Tackling the protection gap

Every natural disaster is a tragedy in its own right, but the damage done to uninsured communities is particularly devastating, often affecting the poorest communities and those least able to afford the necessary reconstruction efforts. There is much debate about what the industry can and should do to extend its coverage, so Bermuda:Re+ILS asked readers for their views.

“Nearly six out of 10 respondents admitted more people might buy coverage if it were simpler and easier to understand.”

Whether or not a community has insurance coverage can determine whether a disaster causes prolonged hardship for years to come, or is a catalyst that triggers regeneration and accelerated economic growth.

The protection gap affects lines of business and communities all over the world, but is greatest in emerging markets, where the benefits of having insurance may make the biggest difference.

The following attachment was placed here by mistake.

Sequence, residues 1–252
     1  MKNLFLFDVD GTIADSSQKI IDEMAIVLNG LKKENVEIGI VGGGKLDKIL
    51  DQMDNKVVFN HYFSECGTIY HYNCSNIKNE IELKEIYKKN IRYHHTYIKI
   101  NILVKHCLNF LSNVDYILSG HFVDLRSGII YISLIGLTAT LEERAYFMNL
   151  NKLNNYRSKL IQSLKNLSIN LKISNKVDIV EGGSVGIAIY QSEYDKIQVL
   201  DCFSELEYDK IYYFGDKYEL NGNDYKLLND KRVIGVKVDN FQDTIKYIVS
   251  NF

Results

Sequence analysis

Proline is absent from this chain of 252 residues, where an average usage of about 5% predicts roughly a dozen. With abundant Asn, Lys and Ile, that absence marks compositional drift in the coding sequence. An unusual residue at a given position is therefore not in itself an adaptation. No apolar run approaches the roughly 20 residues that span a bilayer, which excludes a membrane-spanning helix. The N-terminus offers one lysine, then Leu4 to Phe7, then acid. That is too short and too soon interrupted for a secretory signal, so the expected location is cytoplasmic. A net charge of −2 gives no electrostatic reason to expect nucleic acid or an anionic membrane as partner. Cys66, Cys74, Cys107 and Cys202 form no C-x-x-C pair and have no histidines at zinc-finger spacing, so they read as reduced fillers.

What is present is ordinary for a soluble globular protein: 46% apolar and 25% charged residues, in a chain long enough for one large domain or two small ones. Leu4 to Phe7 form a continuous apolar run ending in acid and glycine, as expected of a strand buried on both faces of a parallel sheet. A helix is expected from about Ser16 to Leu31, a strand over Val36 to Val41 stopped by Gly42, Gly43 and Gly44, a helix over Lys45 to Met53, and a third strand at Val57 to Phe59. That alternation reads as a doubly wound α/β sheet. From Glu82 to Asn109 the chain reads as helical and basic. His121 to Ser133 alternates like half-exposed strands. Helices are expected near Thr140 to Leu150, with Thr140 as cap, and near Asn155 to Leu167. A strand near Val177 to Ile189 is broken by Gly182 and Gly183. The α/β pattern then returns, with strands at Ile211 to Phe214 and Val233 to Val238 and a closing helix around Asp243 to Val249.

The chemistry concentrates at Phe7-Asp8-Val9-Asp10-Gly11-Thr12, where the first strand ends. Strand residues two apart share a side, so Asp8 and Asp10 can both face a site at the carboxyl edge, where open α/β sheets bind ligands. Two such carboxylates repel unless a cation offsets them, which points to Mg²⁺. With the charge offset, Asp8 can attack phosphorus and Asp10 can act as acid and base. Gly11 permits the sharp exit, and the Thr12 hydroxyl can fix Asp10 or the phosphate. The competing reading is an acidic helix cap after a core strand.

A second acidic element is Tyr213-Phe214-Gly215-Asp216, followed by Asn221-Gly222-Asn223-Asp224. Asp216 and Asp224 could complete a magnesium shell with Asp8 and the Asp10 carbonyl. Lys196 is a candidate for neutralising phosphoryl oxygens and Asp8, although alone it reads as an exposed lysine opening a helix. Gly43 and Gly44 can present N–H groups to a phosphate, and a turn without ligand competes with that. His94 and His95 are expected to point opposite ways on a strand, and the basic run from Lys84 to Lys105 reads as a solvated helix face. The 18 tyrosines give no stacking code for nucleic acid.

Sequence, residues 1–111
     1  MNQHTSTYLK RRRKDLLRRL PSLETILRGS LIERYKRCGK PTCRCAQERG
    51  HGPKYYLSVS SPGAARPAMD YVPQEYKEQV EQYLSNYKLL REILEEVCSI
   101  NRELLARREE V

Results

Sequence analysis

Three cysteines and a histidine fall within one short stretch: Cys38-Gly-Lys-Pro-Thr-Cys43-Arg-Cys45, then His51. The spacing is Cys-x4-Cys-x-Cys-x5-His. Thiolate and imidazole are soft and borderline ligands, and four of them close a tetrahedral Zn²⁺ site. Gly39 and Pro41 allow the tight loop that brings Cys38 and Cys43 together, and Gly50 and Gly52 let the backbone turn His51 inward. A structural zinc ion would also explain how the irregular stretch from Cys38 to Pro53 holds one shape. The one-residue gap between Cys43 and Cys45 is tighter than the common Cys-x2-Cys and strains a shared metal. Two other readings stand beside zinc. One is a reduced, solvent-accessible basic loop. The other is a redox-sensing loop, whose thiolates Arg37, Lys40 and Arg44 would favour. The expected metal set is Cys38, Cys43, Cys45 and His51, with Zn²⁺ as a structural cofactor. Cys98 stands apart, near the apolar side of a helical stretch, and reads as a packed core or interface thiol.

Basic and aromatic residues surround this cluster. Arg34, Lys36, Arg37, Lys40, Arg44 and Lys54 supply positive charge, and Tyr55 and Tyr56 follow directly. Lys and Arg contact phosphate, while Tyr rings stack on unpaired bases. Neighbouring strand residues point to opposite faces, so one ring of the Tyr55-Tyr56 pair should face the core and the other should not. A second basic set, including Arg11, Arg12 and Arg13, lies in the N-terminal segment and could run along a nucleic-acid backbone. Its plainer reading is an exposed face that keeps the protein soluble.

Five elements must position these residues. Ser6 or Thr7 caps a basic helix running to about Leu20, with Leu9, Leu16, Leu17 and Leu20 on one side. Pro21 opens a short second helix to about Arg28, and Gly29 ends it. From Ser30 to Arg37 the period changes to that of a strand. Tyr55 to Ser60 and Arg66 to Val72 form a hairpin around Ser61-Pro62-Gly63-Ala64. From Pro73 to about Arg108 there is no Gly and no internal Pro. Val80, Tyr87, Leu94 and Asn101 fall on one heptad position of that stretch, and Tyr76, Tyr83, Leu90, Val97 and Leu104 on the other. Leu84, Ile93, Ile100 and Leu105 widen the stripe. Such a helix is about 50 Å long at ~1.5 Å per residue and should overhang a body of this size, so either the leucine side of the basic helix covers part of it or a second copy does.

Bermuda:Re+ILS wanted to understand the problem and the potential solutions better, so we turned to our readers for answers.

Figure 1:

In which lines do you see the most problematic protection gap?*

*Respondents could choose more than one option

Where’s the gap?

More than seven out of 10 respondents to our survey cited catastrophe coverage as the area with the most notable protection gap (Figure 1). It is a result that may be influenced by the importance of this business to the Bermuda market, but is surely justified based on the severity and frequency of cat losses, and the relative lack of re/insurance penetration in some of the markets most affected by natural disasters.

In a very comfortable second place came cyber, the relative new line of coverage on the block. Cyber is a risk that is universally acknowledged to be a widespread and rapidly growing problem, and one to which just about every business in the world is exposed, to some extent.

Unlike the other risks on the list, however, it is also one where the coverage offered by the re/insurance industry is relatively underdeveloped, with carriers investing huge resources to expand in this area.

Property and casualty (P&C) and life cover were relatively far behind on 29 percent and 27 percent, respectively.